Election 1997: Taking Branson seriously

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Indy Lifestyle Online
If he believed in polls, Paddy Ashdown would consider handing over the leadership of the Liberal Democrats forthwith to Richard Branson, writes Stephen Fay. One poll this week suggests the entrepreneurial head of the Virgin Group might prove move effective at increasing the party's vote than its leader.

An IoS/Sunday Mirror MORI poll to measure the impact of celebrity on voting intentions finds that 13 per cent of electors - 5.8 million people - would be influenced by the way Branson proposes to vote. And no less than 23 per cent of Liberal Democrat voters would be influenced by Branson, although that total is modest compared to readers of the Financial Times; 36 per cent of the sample (admittedly small) say knowing the way Branson votes would influence their own choice.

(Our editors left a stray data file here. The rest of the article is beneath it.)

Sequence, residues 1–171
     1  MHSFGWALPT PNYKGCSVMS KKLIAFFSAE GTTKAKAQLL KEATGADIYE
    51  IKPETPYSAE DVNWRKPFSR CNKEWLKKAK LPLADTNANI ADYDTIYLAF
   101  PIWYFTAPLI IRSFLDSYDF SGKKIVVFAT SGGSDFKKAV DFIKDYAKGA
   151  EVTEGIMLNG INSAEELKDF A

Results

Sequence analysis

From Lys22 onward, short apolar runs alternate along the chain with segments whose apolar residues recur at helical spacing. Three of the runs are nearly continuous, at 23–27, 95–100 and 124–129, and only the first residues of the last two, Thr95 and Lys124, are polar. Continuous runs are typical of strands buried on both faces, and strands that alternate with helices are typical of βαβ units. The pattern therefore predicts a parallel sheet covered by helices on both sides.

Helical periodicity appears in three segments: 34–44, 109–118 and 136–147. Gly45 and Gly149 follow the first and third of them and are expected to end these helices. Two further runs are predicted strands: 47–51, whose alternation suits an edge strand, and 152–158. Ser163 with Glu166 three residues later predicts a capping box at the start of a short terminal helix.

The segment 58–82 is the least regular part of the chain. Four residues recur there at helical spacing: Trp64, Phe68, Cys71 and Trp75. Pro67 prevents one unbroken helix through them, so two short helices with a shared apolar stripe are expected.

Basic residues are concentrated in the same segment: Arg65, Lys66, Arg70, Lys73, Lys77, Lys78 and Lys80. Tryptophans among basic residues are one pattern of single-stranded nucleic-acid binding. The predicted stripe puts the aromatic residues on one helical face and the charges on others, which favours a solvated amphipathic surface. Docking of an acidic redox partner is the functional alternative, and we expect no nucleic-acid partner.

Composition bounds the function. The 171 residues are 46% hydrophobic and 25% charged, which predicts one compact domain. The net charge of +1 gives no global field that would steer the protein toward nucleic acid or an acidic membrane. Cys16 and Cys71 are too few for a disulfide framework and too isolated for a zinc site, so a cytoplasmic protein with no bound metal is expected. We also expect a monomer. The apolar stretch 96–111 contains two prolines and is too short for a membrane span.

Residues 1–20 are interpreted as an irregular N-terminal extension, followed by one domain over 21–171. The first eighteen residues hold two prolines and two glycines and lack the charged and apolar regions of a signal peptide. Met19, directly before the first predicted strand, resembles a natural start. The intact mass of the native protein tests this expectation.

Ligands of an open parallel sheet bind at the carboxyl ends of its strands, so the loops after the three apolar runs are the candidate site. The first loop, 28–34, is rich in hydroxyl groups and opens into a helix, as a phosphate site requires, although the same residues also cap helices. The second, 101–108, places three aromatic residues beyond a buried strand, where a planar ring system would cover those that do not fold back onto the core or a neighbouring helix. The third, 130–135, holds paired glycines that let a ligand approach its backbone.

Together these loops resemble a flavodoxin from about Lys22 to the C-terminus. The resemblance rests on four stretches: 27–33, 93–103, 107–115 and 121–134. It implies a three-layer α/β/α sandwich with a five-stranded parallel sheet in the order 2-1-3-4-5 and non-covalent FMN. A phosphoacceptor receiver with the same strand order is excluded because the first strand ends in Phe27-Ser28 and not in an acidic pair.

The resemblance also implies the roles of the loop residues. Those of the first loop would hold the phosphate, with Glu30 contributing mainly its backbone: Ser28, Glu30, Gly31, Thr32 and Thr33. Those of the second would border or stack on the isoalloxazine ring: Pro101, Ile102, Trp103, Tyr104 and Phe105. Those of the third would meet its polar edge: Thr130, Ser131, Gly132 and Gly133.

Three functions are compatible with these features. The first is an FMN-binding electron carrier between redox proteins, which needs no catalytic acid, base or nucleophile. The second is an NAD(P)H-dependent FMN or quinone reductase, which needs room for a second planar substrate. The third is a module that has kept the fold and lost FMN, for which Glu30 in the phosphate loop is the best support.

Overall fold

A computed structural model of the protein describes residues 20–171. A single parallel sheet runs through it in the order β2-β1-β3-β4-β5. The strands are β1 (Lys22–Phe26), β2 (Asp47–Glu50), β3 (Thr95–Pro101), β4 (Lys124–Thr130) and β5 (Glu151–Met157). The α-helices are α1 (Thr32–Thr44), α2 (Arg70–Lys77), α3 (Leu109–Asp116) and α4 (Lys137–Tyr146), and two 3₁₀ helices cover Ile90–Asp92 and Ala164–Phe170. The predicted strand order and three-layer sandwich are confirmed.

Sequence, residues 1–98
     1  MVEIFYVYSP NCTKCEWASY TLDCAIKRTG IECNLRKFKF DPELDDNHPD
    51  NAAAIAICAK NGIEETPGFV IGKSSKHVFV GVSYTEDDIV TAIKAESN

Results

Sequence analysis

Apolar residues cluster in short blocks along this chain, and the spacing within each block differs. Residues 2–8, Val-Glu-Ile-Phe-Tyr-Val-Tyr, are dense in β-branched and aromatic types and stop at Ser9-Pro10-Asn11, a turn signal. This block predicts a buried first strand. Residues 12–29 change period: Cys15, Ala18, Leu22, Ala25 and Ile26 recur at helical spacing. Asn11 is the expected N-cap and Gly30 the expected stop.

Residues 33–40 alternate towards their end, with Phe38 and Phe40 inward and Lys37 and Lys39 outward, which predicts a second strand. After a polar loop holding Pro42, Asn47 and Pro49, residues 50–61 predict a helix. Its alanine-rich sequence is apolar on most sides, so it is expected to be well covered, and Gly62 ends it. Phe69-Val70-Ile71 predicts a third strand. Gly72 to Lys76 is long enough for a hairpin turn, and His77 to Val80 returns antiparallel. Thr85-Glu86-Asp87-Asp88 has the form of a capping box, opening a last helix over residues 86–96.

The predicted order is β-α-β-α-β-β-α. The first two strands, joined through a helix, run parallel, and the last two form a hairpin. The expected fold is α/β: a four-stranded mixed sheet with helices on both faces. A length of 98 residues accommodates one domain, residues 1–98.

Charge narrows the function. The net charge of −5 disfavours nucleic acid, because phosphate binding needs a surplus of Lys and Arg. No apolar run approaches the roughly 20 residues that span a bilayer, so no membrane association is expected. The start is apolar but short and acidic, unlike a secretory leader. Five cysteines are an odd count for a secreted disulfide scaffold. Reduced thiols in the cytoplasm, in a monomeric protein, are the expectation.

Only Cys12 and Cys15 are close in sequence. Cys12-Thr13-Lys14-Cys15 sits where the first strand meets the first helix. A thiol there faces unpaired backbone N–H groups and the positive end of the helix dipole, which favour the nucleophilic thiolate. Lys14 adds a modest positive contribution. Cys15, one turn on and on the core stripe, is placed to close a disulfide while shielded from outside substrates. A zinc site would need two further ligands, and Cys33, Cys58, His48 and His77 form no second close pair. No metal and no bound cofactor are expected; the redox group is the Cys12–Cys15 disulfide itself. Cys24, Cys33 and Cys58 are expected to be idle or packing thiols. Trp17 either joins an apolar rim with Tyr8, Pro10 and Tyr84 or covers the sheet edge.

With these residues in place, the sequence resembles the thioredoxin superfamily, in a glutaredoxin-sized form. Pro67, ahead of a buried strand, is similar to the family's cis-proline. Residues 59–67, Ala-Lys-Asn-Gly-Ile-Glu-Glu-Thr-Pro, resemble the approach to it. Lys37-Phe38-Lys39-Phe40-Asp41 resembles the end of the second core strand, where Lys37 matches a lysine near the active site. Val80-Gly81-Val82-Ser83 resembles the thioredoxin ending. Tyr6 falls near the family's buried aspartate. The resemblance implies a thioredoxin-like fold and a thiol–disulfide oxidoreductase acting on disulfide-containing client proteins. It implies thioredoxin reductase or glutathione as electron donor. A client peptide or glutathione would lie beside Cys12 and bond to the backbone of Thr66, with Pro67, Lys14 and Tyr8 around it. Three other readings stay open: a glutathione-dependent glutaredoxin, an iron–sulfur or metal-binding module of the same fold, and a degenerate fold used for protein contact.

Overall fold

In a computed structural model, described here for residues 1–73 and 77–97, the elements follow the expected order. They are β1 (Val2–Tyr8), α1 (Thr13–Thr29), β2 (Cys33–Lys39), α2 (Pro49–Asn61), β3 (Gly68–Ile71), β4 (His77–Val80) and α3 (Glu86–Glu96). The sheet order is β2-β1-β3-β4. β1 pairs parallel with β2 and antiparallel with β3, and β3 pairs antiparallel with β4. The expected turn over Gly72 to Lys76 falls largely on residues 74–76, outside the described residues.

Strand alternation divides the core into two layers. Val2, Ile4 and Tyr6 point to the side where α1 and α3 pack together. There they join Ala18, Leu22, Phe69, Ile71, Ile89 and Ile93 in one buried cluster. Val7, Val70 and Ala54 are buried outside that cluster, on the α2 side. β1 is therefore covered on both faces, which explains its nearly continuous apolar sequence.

The electorate appears remarkably immune to other celebrities. If Diana, Princess of Wales were to announce how she intends to vote, 4 per cent of voters might take notice. But the same proportion would be influenced by Selina Scott, the television presenter. The comedienne Dawn French would influence 3 per cent. (MORI's chairman, Robert Worcester, points out that, while the percentages do not appear large, 4 per cent translates into 1.8 million voters.)

Footballers have even less impact, which is sad news for Labour. Robbie Fowler, the Liverpool and England striker, who has declared his intention to vote Labour, would influence a meagre 1 per cent of voters. Alan Shearer of Newcastle might prove twice as influential.

Swampy, the environmental digger, may be a hero of adolescents, but his influence among voters hardly registers. Least persuasive of all is the newly married, bad-tempered singer Liam Gallagher. The pollsters also asked whether celebrities positively would not influence their vote: 97 per cent of the sample said Liam Gallagher would have no influence at all on them.

These results are based on 1,114 interviews throughout Britain on 8 April.

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